Author Unknown


Look God, I have never spoken to you,
But now I want to say “how do you do”
You see God, they told me you didn’t exist,
and like a fool, I believed all this.

Last night from a shell hole, I saw your sky,
I figured right then they had told me a lie.
Had I taken the time to see things you made,
I’d have known they weren’t calling a spade a spade.

I wonder God, if you’d shake my hand,
Somehow I feel that you will understand.
Funny, I had to come to this hellish place,
Before I had time to see your face.

Well, I guess there isn’t much more to say,
But I’m sure glad God, I met you today.
I guess the “zero-hour” will soon be here,
But I’m not afraid since I know you’re here.

The signal; well God, I’ll have to go,
I like you lots, this I want you to know.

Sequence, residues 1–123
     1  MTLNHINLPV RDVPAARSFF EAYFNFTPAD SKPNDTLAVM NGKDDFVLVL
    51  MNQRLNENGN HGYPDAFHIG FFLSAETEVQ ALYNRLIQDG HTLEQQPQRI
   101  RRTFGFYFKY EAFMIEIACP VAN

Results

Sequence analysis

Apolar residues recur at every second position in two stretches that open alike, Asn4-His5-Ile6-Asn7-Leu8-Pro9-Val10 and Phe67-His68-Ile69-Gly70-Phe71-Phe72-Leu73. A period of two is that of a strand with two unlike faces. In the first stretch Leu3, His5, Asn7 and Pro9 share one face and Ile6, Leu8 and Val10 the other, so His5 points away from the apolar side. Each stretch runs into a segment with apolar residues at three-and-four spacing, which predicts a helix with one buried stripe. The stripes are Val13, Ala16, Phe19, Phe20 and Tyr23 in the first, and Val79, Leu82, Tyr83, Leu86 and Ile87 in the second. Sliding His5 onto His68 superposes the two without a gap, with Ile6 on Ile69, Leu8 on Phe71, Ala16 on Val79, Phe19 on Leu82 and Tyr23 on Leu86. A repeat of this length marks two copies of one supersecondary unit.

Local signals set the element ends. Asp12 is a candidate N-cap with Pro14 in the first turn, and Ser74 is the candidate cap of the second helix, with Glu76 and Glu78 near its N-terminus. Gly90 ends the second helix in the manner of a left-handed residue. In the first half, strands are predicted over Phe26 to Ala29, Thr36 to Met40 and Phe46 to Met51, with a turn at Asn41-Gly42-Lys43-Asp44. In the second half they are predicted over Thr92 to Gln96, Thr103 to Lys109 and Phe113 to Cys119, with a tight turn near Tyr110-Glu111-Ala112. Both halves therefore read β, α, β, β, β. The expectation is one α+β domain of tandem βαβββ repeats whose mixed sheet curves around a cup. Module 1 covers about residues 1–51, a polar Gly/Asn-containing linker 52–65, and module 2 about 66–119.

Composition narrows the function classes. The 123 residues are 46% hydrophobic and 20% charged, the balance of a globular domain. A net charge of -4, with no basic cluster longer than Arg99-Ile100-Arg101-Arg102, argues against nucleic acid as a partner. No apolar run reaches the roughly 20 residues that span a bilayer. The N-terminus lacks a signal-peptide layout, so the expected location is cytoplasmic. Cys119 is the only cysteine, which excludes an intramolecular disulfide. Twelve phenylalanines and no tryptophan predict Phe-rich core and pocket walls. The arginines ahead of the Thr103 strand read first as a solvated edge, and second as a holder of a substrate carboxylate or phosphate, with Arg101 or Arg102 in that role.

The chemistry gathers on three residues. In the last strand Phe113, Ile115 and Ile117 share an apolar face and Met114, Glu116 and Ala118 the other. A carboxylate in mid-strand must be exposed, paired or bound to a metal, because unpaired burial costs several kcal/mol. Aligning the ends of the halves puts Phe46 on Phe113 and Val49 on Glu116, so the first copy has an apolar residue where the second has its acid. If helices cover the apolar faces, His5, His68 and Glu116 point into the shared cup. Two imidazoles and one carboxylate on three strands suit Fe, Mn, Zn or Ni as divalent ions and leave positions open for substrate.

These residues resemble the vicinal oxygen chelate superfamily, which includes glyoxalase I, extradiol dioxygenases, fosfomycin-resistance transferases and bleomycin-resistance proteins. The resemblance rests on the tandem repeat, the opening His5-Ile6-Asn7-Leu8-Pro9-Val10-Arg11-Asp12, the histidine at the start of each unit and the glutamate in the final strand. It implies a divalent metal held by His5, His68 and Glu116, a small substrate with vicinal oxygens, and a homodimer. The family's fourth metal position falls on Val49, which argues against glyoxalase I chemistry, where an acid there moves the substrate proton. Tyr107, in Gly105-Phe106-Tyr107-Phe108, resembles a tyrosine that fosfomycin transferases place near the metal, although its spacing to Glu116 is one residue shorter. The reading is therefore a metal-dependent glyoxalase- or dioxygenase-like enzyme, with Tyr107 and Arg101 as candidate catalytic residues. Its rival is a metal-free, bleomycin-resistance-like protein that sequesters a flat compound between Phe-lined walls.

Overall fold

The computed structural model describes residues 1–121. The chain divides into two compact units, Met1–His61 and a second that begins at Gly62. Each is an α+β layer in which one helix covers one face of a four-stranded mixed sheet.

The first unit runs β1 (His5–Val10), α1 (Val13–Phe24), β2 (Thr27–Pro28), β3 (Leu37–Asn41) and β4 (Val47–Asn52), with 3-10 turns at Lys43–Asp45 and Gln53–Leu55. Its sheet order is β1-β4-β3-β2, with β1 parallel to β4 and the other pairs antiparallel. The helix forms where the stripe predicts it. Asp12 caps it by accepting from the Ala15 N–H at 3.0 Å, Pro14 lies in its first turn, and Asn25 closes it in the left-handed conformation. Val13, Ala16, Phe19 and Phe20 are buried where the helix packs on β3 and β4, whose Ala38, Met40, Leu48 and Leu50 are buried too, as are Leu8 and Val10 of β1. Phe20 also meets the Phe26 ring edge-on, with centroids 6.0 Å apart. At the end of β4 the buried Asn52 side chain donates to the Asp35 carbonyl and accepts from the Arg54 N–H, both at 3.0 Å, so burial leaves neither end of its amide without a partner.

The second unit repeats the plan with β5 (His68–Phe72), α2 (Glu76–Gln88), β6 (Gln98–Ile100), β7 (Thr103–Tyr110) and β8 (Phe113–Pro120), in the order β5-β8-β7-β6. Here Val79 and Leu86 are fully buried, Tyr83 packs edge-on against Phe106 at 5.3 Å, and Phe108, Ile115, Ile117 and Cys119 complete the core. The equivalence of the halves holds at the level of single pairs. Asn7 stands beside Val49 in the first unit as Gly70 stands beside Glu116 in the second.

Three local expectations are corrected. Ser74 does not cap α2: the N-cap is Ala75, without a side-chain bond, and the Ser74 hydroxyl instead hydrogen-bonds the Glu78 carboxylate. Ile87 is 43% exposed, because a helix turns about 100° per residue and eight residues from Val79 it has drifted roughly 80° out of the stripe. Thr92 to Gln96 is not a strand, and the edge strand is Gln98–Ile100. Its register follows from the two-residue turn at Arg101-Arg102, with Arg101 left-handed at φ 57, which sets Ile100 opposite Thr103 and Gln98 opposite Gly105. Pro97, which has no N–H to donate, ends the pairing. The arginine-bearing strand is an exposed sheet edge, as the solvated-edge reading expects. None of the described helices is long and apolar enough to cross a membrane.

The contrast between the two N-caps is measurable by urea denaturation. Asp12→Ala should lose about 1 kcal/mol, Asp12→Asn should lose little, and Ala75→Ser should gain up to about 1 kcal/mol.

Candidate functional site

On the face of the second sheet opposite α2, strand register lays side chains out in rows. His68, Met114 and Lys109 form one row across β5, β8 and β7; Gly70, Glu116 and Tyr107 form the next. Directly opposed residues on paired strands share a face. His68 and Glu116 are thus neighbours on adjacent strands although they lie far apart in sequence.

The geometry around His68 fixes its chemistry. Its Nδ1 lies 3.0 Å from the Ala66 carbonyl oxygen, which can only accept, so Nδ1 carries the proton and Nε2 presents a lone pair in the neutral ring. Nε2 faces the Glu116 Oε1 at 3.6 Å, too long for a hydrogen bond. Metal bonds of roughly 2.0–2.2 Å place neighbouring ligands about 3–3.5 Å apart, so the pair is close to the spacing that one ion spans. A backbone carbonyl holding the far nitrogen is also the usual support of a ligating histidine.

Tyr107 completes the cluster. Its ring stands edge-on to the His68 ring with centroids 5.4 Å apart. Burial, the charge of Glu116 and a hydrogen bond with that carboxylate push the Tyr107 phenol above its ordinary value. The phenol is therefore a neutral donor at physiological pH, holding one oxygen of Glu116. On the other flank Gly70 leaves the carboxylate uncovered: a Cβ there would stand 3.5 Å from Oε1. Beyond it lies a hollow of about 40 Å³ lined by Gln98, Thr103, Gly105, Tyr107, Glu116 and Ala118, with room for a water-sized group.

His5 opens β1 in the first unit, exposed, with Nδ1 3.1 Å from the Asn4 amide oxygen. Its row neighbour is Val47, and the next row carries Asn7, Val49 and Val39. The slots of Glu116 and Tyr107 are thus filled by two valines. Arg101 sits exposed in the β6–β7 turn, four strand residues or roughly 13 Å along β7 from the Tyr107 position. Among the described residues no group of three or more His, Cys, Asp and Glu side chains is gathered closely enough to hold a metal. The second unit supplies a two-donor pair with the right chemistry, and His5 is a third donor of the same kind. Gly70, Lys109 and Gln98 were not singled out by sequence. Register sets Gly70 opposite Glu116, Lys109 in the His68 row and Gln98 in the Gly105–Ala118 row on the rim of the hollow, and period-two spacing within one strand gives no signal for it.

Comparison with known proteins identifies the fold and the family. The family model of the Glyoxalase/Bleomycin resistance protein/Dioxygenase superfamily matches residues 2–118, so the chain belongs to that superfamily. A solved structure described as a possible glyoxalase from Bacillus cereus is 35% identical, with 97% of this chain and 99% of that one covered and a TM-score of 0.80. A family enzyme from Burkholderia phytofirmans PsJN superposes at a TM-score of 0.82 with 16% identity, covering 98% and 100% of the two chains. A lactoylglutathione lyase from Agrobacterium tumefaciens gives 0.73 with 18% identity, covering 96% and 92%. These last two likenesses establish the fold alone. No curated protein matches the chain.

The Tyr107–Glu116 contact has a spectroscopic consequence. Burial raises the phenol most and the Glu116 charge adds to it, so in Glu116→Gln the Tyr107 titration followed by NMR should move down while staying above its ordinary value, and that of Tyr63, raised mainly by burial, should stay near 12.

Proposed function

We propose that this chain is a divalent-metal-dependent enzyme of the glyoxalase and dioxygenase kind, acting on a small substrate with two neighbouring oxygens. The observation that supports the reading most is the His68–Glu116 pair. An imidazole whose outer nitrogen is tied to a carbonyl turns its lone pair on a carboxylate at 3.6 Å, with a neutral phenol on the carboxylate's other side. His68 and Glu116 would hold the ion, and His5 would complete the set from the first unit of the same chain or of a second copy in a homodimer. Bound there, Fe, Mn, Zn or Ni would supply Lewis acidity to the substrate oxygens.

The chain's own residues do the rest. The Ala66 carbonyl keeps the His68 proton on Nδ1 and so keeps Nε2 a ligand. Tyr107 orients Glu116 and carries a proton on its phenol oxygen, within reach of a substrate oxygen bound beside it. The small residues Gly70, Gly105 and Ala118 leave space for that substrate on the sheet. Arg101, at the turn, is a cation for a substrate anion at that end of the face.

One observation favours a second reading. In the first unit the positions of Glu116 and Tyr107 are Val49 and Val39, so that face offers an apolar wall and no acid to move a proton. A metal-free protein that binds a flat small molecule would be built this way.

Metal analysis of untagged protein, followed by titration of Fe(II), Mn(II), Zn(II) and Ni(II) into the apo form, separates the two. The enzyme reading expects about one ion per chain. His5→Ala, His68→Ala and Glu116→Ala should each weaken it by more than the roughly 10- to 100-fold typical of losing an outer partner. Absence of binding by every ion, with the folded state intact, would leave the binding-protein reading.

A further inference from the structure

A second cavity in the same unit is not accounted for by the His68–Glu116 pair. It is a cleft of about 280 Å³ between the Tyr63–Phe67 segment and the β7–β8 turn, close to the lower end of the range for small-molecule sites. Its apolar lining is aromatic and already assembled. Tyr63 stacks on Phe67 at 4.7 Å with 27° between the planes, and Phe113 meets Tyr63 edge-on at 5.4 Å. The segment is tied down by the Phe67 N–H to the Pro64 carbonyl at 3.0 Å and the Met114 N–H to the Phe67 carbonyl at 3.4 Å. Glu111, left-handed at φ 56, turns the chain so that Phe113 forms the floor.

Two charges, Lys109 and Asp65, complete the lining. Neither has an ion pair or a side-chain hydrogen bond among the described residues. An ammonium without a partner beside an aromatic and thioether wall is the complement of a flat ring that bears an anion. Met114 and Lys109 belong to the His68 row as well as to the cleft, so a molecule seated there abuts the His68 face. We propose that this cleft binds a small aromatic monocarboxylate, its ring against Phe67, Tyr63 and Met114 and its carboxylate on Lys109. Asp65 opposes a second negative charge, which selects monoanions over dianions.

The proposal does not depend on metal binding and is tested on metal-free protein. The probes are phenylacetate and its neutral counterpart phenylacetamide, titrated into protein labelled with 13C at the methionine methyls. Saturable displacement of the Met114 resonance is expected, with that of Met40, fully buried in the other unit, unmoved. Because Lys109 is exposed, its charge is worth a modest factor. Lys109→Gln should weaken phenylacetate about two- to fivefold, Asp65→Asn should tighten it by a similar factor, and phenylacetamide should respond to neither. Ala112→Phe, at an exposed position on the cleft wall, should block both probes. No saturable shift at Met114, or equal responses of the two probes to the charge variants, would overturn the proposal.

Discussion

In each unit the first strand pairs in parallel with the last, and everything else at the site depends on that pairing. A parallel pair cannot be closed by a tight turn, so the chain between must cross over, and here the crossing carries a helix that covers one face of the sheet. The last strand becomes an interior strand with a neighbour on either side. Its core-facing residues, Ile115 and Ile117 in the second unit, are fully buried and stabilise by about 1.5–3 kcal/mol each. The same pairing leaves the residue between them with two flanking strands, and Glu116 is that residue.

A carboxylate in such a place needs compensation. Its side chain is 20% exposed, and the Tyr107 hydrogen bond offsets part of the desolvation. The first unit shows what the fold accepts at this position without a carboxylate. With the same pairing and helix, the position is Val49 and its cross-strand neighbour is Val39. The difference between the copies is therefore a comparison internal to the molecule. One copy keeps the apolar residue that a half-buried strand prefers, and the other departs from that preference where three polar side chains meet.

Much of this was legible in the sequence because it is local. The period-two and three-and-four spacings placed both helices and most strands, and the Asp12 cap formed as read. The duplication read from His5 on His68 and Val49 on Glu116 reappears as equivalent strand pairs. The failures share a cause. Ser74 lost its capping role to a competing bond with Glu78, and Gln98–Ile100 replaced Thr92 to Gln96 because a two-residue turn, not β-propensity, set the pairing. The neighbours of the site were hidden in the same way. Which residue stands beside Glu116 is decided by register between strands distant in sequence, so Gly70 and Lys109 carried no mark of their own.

Look now, this will be a horrible fight,
Who knows, I may come to your house tonight.

Though I wasn’t friendly to you before,
I wonder God, If you’ll wait at your door.
Look, I’m crying. Me shedding tears,
I wish I had known you these many years.

Well, I have to go now, God, good-bye,
Strange, since I met you, I’m not afraid to die.

Webmaster’s Note: For quite some time, I was under the misapprehension that this poem was written by Michael E. Schafernocker, a 20 year old from Arlington, Texas who was regular Navy, killed when the Navy Seawolf helicopter on which he was a door gunner was shot down in Kien Tuong, South Vietnam, near the Cambodian border on April 28, 1969.

In July 2009, John Scarry of North Carolina sent the following information:

This is a note regarding the poem you attribute to Michael E. Schafernocker, a Vietnam vet born in 1949. I must inform you that he could not have written the poem. I found a copy of the poem in a notebook that my father carried in World War II. I don’t believe that my father wrote the poem (he was not a poet). I don’t know who wrote it, but it was clearly written before Michael Schafernocker was born.

With gratitude to Mr Scarry, and prompted by his revelation, further research has determined that the poem was not written by Shafernocker. A copy of the anonymous poem was purportedly found on his body and the bodies of several other war casualties.